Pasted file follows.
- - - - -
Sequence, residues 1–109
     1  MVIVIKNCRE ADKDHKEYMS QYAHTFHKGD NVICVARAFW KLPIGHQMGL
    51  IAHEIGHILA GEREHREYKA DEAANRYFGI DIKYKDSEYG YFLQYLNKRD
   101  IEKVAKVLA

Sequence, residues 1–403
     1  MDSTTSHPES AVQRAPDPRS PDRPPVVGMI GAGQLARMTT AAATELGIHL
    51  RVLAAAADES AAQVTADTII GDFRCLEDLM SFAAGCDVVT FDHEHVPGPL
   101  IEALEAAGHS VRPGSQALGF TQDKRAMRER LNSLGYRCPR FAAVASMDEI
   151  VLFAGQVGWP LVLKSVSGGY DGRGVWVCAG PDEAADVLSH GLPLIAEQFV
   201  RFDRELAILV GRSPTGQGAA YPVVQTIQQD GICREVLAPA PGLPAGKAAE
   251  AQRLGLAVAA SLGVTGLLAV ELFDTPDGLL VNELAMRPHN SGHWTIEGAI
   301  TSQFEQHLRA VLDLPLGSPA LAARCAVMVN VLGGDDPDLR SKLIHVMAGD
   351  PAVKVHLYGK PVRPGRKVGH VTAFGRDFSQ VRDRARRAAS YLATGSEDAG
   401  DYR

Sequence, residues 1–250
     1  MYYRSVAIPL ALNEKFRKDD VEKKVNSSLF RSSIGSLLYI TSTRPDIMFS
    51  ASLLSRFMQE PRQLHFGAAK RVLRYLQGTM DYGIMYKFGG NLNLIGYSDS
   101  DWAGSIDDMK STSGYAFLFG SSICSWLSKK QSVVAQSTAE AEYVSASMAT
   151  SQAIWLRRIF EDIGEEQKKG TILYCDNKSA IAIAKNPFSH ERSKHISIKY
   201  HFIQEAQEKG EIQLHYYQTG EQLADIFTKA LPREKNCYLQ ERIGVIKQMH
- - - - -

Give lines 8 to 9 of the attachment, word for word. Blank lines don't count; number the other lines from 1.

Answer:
   101  IEALEAAGHS VRPGSQALGF TQDKRAMRER LNSLGYRCPR FAAVASMDEI
   151  VLFAGQVGWP LVLKSVSGGY DGRGVWVCAG PDEAADVLSH GLPLIAEQFV